Christmas for Blended Families

Organising Christmas is big task for all families and for those of us managing blended families (one in three) we have extra dimensions that need to considered when trying to make it a positive time for our children.

Consider some of the following suggestions;

  1. Come together as a family and decide what you would all like to do for Christmas. It is important that children are also able to voice their feelings and share what they would like for Christmas.
  1. If children are having to move between families. Alternate the Christmas holiday so children can share their time with both families.
  1. It is often difficult to put our feelings to one side when communicating with an ex-partner. Try not to take arrangements personally and keep a positive focus on plans, especially in our communications with children. For example, if your ex-partner says they can only see their child/children briefly on Christmas Day, try not to see this an indication that they do not care. Following on from Christmas, maybe discuss with them that next year they will need to spend a longer period with their child/children. This approach will feel more constructive and positive and may help with putting feelings of frustration, resentment and anger to one side.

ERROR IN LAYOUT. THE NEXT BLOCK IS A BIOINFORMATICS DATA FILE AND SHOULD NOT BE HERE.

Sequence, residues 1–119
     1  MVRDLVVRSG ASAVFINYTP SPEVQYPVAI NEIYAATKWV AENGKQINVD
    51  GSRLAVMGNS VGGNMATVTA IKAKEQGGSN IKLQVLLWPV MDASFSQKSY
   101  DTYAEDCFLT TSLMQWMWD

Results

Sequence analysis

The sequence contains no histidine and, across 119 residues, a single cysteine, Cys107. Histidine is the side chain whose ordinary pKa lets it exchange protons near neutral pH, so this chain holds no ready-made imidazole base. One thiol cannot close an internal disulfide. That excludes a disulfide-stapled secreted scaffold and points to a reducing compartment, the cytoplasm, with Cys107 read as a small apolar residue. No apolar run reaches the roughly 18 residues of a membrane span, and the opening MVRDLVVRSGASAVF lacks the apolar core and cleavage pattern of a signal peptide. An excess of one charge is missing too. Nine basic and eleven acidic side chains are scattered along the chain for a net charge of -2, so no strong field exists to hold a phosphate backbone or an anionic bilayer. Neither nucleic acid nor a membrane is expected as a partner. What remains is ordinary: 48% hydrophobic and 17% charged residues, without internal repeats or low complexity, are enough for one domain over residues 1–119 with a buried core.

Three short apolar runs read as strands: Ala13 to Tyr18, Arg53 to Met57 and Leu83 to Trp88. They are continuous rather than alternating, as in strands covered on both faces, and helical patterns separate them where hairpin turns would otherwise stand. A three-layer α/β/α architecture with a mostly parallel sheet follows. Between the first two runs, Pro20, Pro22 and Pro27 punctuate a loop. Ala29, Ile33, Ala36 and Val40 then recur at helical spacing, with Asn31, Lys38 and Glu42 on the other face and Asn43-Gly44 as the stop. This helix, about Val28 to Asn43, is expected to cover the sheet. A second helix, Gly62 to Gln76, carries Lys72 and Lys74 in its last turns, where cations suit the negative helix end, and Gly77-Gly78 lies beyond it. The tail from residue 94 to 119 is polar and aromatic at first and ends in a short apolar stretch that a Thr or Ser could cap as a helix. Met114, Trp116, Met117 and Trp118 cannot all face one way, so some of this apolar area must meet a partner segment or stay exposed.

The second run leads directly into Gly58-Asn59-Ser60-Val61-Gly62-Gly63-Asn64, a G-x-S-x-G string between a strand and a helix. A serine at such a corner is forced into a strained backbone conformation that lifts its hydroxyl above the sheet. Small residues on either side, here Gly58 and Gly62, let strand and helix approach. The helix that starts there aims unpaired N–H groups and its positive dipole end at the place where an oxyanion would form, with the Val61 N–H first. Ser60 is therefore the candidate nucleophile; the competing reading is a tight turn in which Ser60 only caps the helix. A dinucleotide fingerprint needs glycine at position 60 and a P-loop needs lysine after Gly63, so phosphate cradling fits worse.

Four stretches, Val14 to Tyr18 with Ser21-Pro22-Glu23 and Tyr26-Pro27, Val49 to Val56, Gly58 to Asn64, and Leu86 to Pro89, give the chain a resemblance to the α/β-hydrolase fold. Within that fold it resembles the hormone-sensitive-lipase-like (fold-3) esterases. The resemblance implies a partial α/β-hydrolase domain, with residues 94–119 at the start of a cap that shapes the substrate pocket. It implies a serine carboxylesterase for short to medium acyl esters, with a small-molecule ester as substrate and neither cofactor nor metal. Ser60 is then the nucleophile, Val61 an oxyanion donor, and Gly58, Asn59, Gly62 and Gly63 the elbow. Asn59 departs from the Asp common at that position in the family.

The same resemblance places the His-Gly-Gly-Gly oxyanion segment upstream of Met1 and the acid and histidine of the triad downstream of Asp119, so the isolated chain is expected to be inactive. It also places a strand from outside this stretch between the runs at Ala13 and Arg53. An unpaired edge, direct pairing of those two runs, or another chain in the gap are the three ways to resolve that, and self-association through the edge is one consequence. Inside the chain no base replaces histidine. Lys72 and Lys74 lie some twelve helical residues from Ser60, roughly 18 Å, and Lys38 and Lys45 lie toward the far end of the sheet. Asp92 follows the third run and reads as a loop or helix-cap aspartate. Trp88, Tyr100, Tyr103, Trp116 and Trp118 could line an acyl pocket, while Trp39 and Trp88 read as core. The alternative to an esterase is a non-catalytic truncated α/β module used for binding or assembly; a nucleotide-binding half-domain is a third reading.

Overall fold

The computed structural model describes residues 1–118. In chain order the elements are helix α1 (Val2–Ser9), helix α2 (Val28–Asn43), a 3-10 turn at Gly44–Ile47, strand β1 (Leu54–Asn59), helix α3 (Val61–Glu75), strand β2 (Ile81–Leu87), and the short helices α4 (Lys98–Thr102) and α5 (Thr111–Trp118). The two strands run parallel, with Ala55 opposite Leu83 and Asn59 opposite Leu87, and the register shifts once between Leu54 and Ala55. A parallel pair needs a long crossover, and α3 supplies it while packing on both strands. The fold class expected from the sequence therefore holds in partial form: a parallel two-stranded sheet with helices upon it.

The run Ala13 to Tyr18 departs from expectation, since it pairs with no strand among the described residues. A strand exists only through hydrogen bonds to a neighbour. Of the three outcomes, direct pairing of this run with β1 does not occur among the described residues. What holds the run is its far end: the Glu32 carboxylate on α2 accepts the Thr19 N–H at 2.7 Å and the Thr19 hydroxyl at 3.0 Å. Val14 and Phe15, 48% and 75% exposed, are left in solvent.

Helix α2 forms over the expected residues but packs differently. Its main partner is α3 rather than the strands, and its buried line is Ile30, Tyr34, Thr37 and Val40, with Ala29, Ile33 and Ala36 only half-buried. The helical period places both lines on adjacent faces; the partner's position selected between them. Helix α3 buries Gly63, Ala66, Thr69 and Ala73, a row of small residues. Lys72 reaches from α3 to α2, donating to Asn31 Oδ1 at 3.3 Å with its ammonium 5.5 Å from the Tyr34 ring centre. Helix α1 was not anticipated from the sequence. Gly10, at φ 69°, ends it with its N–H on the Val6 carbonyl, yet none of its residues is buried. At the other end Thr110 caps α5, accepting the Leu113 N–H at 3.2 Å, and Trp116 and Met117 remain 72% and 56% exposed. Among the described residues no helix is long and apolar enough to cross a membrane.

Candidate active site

1. Of course, long-standing issues may still exist between ex-partners but Christmas is not a time when these can necessarily be sorted out. As we know it is a stressful enough time of year and where possible these causes of up-set can be approached again in the new-year.
  1. Look to friends to talk to and share your feelings with. You may have other friends who are facing similar challenges within their own families and realising that others are also experiencing similar difficulties to you can help you to feel less alone. Your friends may have ideas for solutions that have worked for them and their families.
  1. If you are really struggling though it may be a good idea to seek help from a professional such as a counsellor or other professionals that might already be involved with your family.

Author: Frances Davies – Bespoke Practitioners